Still, it's a rousing adventure, and Newbury/Hobbes fans will revel.

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THE IMMORALITY ENGINE

Third Victorian occult/steampunk adventure for Queen Victoria's special agent Sir Maurice Newbury, his doughty sidekick Veronica Hobbes and their bluff, tough counterpart, Chief Inspector Sir Charles Bainbridge of Scotland Yard (The Osiris Ritual, 2009, etc.).

Their latest case begins with a corpse: apparently that of Edwin Sykes, burglar extraordinaire, whom Bainbridge suspects of being behind a string of unusual thefts. Newbury, dragged from an opium den—he thinks it gives him psychic powers, and he's also consumed with the suspicion that Veronica is an informer—confirms that the body is who it seems to be. Yet there are inconsistencies, and when another crime comes to light, done in Sykes' inimitable manner (he uses a spider-like machine to drill through doors and obstacles), all three are baffled. Veronica, meanwhile, desperately worries about her frail sister Amelia, who suffers from uncontrollable seizures during which she experiences prophetic visions. Presently Amelia enjoys the care of Dr. Lucien Fabian of the Grayling Institute. All charm on the surface, Fabian is secretly doing horrid experiments on Amelia and drawing up delusional plans based on her utterances. Another complication, and somehow implicated in the Sykes affair, is Sir Enoch Graves and his Bastion Society, whose insanely chauvinistic theories involve far more than deadly mechanical spiders. Worst of all, Veronica really is informing on Newbury to Queen Victoria, a dying, mad hulk kept artificially alive by one of Fabian's repulsive machines. More steampunk than occult this time—one character, for instance, has steam-powered artificial knees—and rather too many gloating megalomaniacs for comfort.

Still, it's a rousing adventure, and Newbury/Hobbes fans will revel.

Pub Date: Oct. 1, 2011

ISBN: 978-0-7653-2775-8

Page Count: 352

Publisher: Tor

Review Posted Online: Sept. 20, 2011

Kirkus Reviews Issue: Oct. 1, 2011

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A thrilling and satisfying sequel to the 1969 classic.

THE ANDROMEDA EVOLUTION

Over 50 years after an extraterrestrial microbe wiped out a small Arizona town, something very strange has appeared in the Amazon jungle in Wilson’s follow-up to Crichton’s The Andromeda Strain.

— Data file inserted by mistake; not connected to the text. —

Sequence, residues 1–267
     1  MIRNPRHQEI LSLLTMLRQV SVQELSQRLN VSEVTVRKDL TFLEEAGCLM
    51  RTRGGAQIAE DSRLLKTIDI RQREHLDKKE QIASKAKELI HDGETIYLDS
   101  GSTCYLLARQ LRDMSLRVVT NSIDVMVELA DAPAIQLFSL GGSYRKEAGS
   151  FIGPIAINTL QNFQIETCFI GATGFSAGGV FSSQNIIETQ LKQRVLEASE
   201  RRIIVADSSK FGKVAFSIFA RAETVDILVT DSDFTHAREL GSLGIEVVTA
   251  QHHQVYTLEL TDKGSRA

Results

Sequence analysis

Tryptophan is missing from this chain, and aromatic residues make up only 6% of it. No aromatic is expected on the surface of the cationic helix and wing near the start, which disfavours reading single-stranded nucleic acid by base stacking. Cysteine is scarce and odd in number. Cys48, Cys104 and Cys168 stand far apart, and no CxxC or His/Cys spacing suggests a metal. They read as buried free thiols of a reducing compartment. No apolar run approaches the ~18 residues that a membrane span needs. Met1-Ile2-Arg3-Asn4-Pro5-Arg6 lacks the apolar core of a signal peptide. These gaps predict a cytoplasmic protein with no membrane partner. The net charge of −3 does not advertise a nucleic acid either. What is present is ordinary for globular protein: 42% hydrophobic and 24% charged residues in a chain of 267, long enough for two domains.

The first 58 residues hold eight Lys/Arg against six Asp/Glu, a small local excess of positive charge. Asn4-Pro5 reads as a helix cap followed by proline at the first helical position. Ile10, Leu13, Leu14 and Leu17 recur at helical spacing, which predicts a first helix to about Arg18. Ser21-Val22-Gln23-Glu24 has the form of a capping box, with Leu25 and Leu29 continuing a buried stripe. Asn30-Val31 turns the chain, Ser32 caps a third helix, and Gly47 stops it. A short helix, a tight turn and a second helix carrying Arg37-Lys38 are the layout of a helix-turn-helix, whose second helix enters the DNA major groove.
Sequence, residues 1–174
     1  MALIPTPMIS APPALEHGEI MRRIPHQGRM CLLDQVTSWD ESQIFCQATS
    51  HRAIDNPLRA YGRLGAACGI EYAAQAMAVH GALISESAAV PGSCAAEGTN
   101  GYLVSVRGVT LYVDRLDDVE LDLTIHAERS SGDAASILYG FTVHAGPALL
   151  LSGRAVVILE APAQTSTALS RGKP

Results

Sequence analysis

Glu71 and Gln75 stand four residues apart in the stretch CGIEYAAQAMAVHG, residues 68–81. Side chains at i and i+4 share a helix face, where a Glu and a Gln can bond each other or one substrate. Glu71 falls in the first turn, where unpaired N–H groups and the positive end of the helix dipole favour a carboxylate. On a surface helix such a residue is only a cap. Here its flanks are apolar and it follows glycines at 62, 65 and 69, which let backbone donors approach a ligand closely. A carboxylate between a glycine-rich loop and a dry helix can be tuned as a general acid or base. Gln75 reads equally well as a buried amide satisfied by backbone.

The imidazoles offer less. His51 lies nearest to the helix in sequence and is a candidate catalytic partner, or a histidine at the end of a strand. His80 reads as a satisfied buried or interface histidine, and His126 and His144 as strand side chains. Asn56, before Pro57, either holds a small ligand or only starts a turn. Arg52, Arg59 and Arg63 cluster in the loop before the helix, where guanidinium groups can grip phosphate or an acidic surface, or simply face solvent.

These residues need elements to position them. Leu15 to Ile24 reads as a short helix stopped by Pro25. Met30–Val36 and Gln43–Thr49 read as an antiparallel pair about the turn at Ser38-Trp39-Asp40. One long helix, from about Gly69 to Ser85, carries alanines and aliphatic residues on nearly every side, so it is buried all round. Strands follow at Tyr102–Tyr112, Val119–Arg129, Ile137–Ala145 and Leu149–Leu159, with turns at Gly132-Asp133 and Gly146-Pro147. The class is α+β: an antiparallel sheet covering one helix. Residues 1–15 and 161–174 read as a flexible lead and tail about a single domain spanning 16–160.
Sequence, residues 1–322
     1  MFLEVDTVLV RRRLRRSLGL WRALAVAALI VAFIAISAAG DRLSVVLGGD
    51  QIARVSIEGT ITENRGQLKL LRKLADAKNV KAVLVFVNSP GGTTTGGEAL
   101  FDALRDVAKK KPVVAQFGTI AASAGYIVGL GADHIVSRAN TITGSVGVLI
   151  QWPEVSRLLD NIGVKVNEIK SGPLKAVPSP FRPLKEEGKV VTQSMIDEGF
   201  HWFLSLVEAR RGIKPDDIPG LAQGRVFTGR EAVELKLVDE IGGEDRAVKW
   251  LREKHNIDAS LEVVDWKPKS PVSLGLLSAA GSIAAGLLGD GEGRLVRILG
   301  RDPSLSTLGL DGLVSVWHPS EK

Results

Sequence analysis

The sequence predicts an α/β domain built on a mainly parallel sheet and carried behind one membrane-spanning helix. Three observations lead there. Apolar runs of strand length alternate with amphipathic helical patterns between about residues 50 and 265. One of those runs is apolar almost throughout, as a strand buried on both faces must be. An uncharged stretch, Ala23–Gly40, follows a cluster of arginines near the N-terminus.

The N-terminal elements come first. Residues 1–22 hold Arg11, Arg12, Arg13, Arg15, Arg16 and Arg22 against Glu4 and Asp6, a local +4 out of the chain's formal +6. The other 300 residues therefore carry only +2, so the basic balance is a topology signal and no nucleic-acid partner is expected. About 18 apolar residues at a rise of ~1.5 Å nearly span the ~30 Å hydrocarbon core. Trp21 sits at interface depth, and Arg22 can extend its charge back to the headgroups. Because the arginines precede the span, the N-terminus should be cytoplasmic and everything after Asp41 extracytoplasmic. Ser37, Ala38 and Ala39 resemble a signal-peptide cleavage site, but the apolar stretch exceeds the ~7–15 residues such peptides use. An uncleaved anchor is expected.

The microparticle's introduction to Earth in 1967 was the disastrous result of an American weapons research program. Before it could be contained, Andromeda killed all but two people in tiny Piedmont, Arizona; during testing after the disaster, AS-1 evolved and escaped into the atmosphere. Project Eternal Vigilance was quickly set up to scan for any possible new outbreaks of Andromeda. Now, an anomaly with “signature peaks” closely resembling the original Andromeda Strain has been spotted in the heart of the Amazon, and a Wildfire Alert is issued. A diverse team is assembled: Nidhi Vedala, an MIT nanotechnology expert born in a Mumbai slum; Harold Odhiambo, a Kenyan xenogeologist; Peng Wu, a Chinese doctor and taikonaut; Sophie Kline, a paraplegic astronaut and nanorobotics expert based on the International Space Station; and, a last-minute addition, roboticist James Stone, son of Dr. Jeremy Stone from The Andromeda Strain. They must journey into the deepest part of the jungle to study and hopefully contain the dire threat that the anomaly seemingly poses to humanity. But the jungle has its own dangers, and it’s not long before distrust and suspicion grip the team. They’ll need to come together to take on what waits for them inside a mysterious structure that may not be of this world. Setting the story over the course of five days, Wilson (Robopocalypse, 2011, etc.) combines the best elements of hard SF novels and techno-thrillers, using recovered video, audio, and interview transcripts to shape the narrative, with his own robotics expertise adding flavor and heft. Despite a bit of acronym overload, this is an atmospheric and often terrifying roller-coaster ride with (literally) sky-high stakes that pays plenty of homage to The Andromeda Strain while also echoing the spirit and mood of Crichton’s other works, such as Jurassic Park and Congo. Add more than a few twists and exciting set pieces (especially in the finale) to the mix, and you’ve got a winner.